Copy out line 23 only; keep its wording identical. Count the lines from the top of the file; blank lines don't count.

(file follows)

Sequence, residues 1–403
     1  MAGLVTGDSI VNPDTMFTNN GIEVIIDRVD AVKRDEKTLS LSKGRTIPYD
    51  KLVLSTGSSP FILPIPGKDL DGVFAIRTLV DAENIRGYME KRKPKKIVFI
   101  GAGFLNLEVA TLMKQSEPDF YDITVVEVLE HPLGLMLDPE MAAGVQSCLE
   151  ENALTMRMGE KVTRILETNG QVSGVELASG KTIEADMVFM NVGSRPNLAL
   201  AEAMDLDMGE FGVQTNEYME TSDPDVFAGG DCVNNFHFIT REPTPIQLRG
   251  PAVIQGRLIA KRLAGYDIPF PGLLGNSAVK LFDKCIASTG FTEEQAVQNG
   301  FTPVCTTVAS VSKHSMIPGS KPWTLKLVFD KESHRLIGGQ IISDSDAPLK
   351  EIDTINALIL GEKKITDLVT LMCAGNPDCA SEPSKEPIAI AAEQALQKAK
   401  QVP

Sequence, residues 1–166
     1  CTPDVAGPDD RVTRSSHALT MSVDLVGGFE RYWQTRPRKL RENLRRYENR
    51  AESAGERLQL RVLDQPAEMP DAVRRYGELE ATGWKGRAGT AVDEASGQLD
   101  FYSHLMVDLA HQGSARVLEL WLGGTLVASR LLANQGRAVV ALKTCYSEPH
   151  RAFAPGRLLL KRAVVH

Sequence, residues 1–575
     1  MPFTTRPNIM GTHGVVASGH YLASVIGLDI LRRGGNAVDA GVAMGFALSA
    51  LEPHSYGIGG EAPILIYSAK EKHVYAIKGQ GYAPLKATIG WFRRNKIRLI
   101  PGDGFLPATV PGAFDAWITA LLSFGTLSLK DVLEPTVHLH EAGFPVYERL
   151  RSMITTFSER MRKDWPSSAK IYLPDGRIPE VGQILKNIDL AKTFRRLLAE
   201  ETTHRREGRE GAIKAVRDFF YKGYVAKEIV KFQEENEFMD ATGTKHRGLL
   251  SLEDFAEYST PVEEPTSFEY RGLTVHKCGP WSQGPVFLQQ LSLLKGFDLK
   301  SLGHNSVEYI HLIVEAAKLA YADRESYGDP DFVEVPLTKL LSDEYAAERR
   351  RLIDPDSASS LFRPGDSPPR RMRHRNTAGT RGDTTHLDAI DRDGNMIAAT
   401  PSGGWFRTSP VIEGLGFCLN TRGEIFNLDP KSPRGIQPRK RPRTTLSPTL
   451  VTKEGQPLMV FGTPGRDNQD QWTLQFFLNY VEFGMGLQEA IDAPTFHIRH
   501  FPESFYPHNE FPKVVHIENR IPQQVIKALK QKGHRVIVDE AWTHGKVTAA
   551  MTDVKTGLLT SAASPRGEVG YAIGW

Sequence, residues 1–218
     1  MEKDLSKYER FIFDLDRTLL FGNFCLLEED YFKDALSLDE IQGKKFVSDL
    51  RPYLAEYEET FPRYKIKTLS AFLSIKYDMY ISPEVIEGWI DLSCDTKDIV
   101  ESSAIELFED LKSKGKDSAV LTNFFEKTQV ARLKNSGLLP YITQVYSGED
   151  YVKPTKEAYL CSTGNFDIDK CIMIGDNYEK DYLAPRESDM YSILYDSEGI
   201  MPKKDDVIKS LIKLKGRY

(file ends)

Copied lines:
   301  SLGHNSVEYI HLIVEAAKLA YADRESYGDP DFVEVPLTKL LSDEYAAERR